United States District Court, S.D. West Virginia, Charleston
DARLENE C. MARTIN and JAMES MARTIN, Plaintiffs,
BELK INC. and DOE 1, Defendants.
MEMORANDUM OPINION AND ORDER
T. COPENHAVER, JR. SENIOR UNITED STATES DISTRICT JUDGE
is the motion for summary judgment filed by defendant Belk
Inc. (“Belk”) on May 17, 2019.
about May 23, 2016, plaintiff Darlene C. Martin, a resident
of West Virginia, was trying on shoes at the Wood County,
West Virginia location of defendant Belk, a corporation with
its principal place of business in North Carolina. Compl.,
ECF No. 2-2, ¶¶ 1-3, 10, 12. A Belk employee, who
is named as Doe 1 in the complaint and is later identified as
Ms. Carmen Eddy, was helping Ms. Martin try on shoes on the
date in question. Id. ¶ 12, Pls.' Resp.,
ECF No. 22, at 3.
trying on a pair of high-heeled shoes, Ms. Martin asked Ms.
Eddy about the location of a mirror she might use, and Ms.
Eddy directed her to a mirror in front of the cash register
some distance away from where she was standing. See Martin
Dep., ECF No. 20-1, at p. 20; Eddy Dep., ECF No. 22-1, at p.
13. As she was looking for the mirror to which Ms. Eddy
directed her, Ms. Martin fell to the ground. Martin Dep., ECF
No. 20-1, at p. 20-21; see Video of Fall, ECF No. 20-2
(showing the video of Ms. Martin falling to the floor). Ms.
Martin asserts that “there was a mirror behind the
chair where I sat down” and that she, and
“apparently, ” Ms. Eddy, did not know about it.
Martin Dep., ECF No. 20-1, at p. 41.
Eddy acknowledged that there were three portable mirrors in
the store but that she did not know where each of them was
located, and that she had no reason to dispute Ms.
Martin's statement that she saw a mirror behind where she
was originally seated. Eddy Dep., ECF No. 22-1, at p. 12, 36.
Ms. Eddy also admitted that she could not recall whether she
offered to assist Ms. Martin try on shoes on the date in
question but that it was part of Belk's policy to assist
customers in trying on shoes and to make portable mirrors
available to them. Id. at 33-34.
Ms. Martin began to walk, she was looking for the mirror and
not at the floor, and she stated that she did not see
anything on the floor that was a hazard or tripping danger.
Martin Dep., ECF. No. 20-1, p. 37, 40. After she fell, she
noticed, for the first time, that there were wrinkles in the
carpet, although she could not recall how deep the wrinkles
were or how many there were. Id. at 38. Ms. Martin
also acknowledged that there was nothing covering the
wrinkles or hiding them from view. Id. Ms. Martin
believes that the “shoe, possibly the heel, caught on
the wrinkle, ” causing her to fall. Id. at 40.
contend in their complaint that Ms. Eddy should have known
there was a nearby mirror that Ms. Martin could have used
which would have prevented her from having to walk over the
wrinkled carpet, but Ms. Eddy directed Ms. Martin to walk to
a more distant mirror “across” the carpet that
she “knew or should have known . . . contained an
unknown and unseen dangerous condition.” Compl., ECF
No. 2-2, ¶¶ 16-17. Plaintiffs allege that
“Defendants knew or should have known of the hazard
that created a dangerous condition for Mrs. Martin and
neglected to give adequate notice of its presence.”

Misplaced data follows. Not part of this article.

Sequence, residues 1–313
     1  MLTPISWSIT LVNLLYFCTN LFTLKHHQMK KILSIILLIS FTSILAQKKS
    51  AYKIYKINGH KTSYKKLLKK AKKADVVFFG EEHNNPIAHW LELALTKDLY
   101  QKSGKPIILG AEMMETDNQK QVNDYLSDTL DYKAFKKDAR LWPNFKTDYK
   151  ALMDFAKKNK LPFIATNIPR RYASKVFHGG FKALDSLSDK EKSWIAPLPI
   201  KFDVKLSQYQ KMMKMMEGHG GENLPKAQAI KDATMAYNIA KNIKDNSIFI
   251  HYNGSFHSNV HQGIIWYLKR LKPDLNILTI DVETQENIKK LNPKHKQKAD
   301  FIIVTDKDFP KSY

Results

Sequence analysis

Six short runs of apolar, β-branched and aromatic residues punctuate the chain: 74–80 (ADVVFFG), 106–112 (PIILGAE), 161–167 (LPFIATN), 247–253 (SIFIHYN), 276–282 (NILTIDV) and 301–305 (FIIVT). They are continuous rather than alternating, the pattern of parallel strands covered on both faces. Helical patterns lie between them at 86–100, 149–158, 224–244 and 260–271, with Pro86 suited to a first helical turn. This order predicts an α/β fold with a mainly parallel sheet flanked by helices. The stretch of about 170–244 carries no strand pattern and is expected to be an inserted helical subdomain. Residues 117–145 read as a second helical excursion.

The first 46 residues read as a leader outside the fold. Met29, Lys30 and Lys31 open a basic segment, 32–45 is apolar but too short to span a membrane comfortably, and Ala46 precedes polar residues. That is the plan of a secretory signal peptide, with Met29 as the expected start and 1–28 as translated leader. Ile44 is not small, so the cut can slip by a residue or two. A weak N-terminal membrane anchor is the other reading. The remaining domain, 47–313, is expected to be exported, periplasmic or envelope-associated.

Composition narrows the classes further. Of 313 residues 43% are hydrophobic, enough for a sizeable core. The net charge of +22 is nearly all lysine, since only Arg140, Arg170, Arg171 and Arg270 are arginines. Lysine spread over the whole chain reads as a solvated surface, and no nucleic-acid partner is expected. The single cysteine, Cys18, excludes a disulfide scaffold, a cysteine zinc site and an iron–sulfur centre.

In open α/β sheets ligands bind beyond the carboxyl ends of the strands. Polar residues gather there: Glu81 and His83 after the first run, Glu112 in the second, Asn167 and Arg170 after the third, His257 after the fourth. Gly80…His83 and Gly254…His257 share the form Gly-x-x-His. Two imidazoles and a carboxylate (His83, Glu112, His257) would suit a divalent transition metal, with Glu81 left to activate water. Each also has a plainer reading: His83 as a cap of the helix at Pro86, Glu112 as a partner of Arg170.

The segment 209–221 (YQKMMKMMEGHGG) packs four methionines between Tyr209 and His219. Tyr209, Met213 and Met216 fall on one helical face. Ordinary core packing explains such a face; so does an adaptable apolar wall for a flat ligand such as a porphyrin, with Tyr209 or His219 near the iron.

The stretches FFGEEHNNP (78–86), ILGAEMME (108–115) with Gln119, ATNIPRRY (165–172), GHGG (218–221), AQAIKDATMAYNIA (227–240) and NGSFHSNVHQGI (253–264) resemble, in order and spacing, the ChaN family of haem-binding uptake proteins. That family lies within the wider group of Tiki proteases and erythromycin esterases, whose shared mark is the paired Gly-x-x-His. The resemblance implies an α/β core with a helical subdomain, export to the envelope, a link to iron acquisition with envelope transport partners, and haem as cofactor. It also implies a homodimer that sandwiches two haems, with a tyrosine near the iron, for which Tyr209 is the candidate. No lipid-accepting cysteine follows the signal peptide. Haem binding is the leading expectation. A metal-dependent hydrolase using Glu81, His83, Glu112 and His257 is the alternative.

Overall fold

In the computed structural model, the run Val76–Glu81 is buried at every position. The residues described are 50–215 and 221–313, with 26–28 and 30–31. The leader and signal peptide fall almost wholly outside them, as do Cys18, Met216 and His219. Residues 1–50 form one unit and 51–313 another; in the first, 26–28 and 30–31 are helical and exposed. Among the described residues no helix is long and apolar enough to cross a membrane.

Id. ¶ 22. The complaint further states that
“Belk was . . . negligent, careless and/or reckless in
hiring, failing to properly supervise and failing to
adequately monitor the activities of Doe 1, and was further
negligent, careless and/or reckless in failing to have and/or
enforce adequate policies, procedures and guidelines to
prevent the above-described negligent activities.”
Id. ¶ 24. Belk is also alleged to be
vicariously liable for the acts of Doe 1 as her employer.
Id. ¶ 9.
seek compensatory and future damages for the harms caused to
Ms. Martin. Id. ¶¶ 28-29. They further
seek damages for James Martin, Ms. Martin's husband, who
suffered the loss of care, companionship and service of his
wife and “will continue to suffer the loss of care,
companionship and services of his wife.” Id.
¶¶ 30-31. Plaintiffs also request punitive damages.
Id. at 5-6.
initiated this action in the Circuit Court of Wood County,
West Virginia on May 17, 2018. Belk removed the matter to
this court on June 22, 2018 pursuant to 28 U.S.C. §
1332. After conducting discovery, Belk filed its motion for
summary judgment, to which the plaintiffs have responded, and
Belk has filed its reply.
contends that it is entitled to summary judgment on
plaintiffs' negligence claim inasmuch as Ms. Martin
“cannot identify the cause of her fall and link it to
an act or omission of Defendant.” Belk's Mem. Supp.
Mot. Summary J. (“Belk's Mem.”), ECF No. 20,
at 1. Belk further asserts that “the only condition
identified by Plaintiff as potentially causing her fall,
wrinkling in the carpet, was an open and obvious
Standard of Review
is entitled to summary judgment “if the pleadings, the
discovery and disclosure materials on file, and any
affidavits show that there is no genuine issue as to any
material fact and that the movant is entitled to judgment as
a matter of law.” Fed.R.Civ.P. 56(c). Material facts
are those necessary to establish the elements of a
party's cause of action. Anderson v. Liberty Lobby,
Inc., 477 U.S. 242, 248 (1986).
genuine issue of material fact exists if, in viewing the
record and all reasonable inferences drawn therefrom in a
light most favorable to the non-moving party, a reasonable
fact-finder could return a verdict for the non-movant.
Id. The moving party has the burden of showing --
“that is, pointing out to the district court -- that
there is an absence of evidence to support the nonmoving
party's case.” Celotex Corp. v. Catrett,477 U.S. 317, 325 (1986). If the movant satisfies this
burden, then the non-movant must set forth specific facts as
would be admissible in evidence that demonstrate the
existence of a genuine issue of fact for trial. Fed.R.Civ.P.
56(c); Id. at 322-23. A party is entitled ...